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Economic and Environmental Implications of Online Retailing and Centralized Stock Keeping in the United States . H. Scott Matthews and Chris Hendrickson Green Design Carnegie Mellon University. Growth of Retail E-commerce ($).

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Economic and Environmental Implications of Online Retailing and Centralized Stock Keeping in the United States

H. Scott Matthews and Chris Hendrickson

Green Design

Carnegie Mellon University

growth of retail e commerce
Growth of Retail E-commerce ($)
  • US DOC began measuring and reporting retail e-commerce in March 2000
    • 4Q 02 = $14.3 Billion
    • 1.6% of all retail purchases [$46B for 2002]
    • Uses same sampling as traditional surveys
      • 12,000 out of 2 million firms (dangerous now?)
    • Note the following are not considered retail (and thus also not counted in e-commerce $)
      • Travel, financial, ticket brokering
traditional retail logistics system
Traditional Retail Logistics System
  • Factory to warehouse to warehouse to retailer.
  • Last leg of trip by private vehicle
single facility sales
Single Facility Sales
  • LL Bean, Lands End - catalogue sales
  • Amazon (original), MusicOutpost - web based sales from a single facility
www eiolca net
www.eiolca.net
  • Free life cycle assessment software on the web from Carnegie Mellon - public data
  • >20,000 uses this year
  • economic, environment and resource requirements for purchases from any sector
    • just added injury and fatality data
  • based on linear model of economy and 500 sectors!
eio lca implementation
EIO-LCA Implementation
  • Use the 480*480 commodity input-output matrix of the U.S. economy (1997)
  • Augment with sector-level environmental impact coefficient matrices (R) (average impact per dollar of output)
  • Linear environmental impact calculation:

E = R[I - D]-1F

book publishing case study
Book Publishing Case Study
  • Traditional System:
    • logistics: printer > warehouse > warehouse > retailer > home, all by truck/car
    • unsold returns - roughly 35% for bestsellers
  • E-commerce System:
    • logistics: printer > warehouse > distribution center >home, by air and truck.
    • No unsold returns
comparative analysis
Traditional:

truck transport (1000 mi)

warehousing

production of returns

reverse travel of returns

private automobile transport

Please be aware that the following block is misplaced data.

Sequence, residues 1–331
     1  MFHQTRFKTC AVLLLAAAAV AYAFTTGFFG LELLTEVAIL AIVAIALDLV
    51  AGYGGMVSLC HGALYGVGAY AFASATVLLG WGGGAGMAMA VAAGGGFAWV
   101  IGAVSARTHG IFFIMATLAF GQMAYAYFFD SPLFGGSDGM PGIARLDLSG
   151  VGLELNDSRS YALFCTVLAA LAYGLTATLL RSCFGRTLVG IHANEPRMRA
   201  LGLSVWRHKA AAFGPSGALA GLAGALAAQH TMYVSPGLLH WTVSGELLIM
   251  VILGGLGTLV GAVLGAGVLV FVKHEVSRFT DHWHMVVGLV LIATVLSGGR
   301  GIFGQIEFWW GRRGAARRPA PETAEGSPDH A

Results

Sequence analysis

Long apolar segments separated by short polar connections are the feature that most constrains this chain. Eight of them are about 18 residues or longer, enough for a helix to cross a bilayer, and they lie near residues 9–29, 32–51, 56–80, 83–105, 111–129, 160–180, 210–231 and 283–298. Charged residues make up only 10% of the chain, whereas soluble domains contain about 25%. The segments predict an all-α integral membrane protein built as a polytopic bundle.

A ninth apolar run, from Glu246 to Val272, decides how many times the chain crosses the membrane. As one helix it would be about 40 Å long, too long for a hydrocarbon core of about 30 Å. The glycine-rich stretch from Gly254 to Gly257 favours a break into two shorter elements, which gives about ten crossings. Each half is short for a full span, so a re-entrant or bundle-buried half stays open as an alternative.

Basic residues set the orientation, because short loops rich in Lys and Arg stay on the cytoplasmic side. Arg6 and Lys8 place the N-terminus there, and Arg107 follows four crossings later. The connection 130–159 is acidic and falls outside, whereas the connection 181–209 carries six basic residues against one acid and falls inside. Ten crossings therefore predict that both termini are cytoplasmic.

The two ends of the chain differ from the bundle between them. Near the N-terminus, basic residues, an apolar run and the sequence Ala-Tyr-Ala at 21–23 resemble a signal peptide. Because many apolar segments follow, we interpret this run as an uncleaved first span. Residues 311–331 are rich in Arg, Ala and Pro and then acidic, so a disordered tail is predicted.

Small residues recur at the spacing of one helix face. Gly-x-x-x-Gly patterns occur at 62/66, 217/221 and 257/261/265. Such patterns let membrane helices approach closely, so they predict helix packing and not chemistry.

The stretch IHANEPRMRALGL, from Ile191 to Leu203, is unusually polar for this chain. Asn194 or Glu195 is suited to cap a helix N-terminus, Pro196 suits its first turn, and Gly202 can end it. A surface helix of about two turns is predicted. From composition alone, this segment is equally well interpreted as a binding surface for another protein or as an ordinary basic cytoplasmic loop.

E-Commerce

air transport (500 mi)

truck transport (500 mi)

warehousing

Comparative Analysis
why are e commerce costs lower
Why are E-Commerce Costs Lower?
  • Higher transportation costs for e-commerce, but:
    • Returns of unsold copies
    • Lower retail transactions costs
    • Lower (private) automobile cost
  • Result is cost advantage for e-Commerce
sensitivity analysis
Sensitivity Analysis
  • ‘Traditional’ becomes better if:
    • Local distance to bookstore < 3 miles
    • Air transport of books > 700 miles
    • Orders not shipped together
harry potter case
Harry Potter Case
  • 250,000 books shipped on release date by Amazon.com
    • 9,000 trucks and 100 airplanes
  • 2.5 lb. book, 0.7 lb. packaging (3.2 lbs.)
    • Bookstores got 10 per box
  • Shopping trips for books avg. 11 miles
    • Marginal effects
example 2 centralized or virtual warehouse
Example 2: Centralized or Virtual Warehouse
  • Traditional: Stock at Local Warehouse with Rapid Delivery but High Stock Costs
  • Centralized or Virtual: Stock at Remote Warehouse with Rapid Delivery by Higher Cost Mode. (Note E-commerce Model: Delivery Mode Choices).
example defense logistics agency
Example: Defense Logistics Agency
  • Military spare parts management: 632,000 part types, inventory of 108 million parts, value of $ 83 B, 286 storage locations.
  • GAO – Consolidate spare parts inventory in major sites.
  • GAO – also, reduce excess inventory (not analyzed here)
some analysis issues
Some Analysis Issues
  • What are E-commerce future scenarios?
  • What will happen with local manufacturing technology?
  • What will be impact of new business models for controlling inventory (warehousing), manufacturing and shipping.
  • What is appropriate time scale of analysis?
analysis boundary issues cont
Analysis Boundary Issues (cont.)
  • Buildings - decrease in retail or warehouse space?
  • Shopping - will individuals substitute other travel for reduced shopping travel?
  • Computers - what fraction of personal computer burdens should be allocated to E-commerce?
will e commerce improve or degrade the environment
Will E-commerce Improve or Degrade the Environment?
  • Net Effect - hypothesis: depends upon product and processes and upon the analysis boundary.
  • Appropriate Public Policy -
    • Don’t ignore service industries in environmental policy.
    • Consider life cycle costs including social costs.
    • Take advantage of cost savings to create environmental benefits
acknowledgments
Acknowledgments
  • AT&T Foundation’s Industrial Ecology Faculty Fellowship Program
  • Organization of Economic Cooperation and Development (OECD)
  • Japan Foundation Center for Global Partnership
references
References
  • "Environmental and Economic Effects of E-Commerce: A Case Study of Book  Publishing and Retail Logistics," Hendrickson, Chris T., H. Scott Matthews, and Denise L. Soh,  Transportation Research Record 1763, pp. 6-12, 2001.
  • "Harry Potter and the Health of the Environment," Matthews, H. Scott, Chris Hendrickson and Lester Lave, Spectrum, 20-22, November 2000.
  • The Economic and Environmental Implications of Warehousing Strategies in the New Economy, Matthews, H. Scott and Chris Hendrickson,  J. of Industrial Ecology, 2002.